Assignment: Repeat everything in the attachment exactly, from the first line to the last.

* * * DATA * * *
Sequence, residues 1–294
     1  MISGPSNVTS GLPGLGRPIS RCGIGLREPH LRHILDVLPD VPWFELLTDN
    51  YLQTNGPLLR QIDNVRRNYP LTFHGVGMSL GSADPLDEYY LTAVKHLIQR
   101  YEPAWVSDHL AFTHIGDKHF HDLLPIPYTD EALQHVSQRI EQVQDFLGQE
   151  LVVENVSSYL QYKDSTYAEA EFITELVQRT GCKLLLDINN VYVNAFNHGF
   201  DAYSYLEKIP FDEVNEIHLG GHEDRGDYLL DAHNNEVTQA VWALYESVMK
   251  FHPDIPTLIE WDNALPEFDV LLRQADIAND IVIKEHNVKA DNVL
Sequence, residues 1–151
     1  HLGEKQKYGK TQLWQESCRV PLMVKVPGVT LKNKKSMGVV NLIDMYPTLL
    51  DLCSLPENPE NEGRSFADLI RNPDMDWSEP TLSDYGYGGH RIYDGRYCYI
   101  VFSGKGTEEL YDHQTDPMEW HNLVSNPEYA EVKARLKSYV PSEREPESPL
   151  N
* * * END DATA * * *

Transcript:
Sequence, residues 1–294
     1  MISGPSNVTS GLPGLGRPIS RCGIGLREPH LRHILDVLPD VPWFELLTDN
    51  YLQTNGPLLR QIDNVRRNYP LTFHGVGMSL GSADPLDEYY LTAVKHLIQR
   101  YEPAWVSDHL AFTHIGDKHF HDLLPIPYTD EALQHVSQRI EQVQDFLGQE
   151  LVVENVSSYL QYKDSTYAEA EFITELVQRT GCKLLLDINN VYVNAFNHGF
   201  DAYSYLEKIP FDEVNEIHLG GHEDRGDYLL DAHNNEVTQA VWALYESVMK
   251  FHPDIPTLIE WDNALPEFDV LLRQADIAND IVIKEHNVKA DNVL
Sequence, residues 1–151
     1  HLGEKQKYGK TQLWQESCRV PLMVKVPGVT LKNKKSMGVV NLIDMYPTLL
    51  DLCSLPENPE NEGRSFADLI RNPDMDWSEP TLSDYGYGGH RIYDGRYCYI
   101  VFSGKGTEEL YDHQTDPMEW HNLVSNPEYA EVKARLKSYV PSEREPESPL
   151  N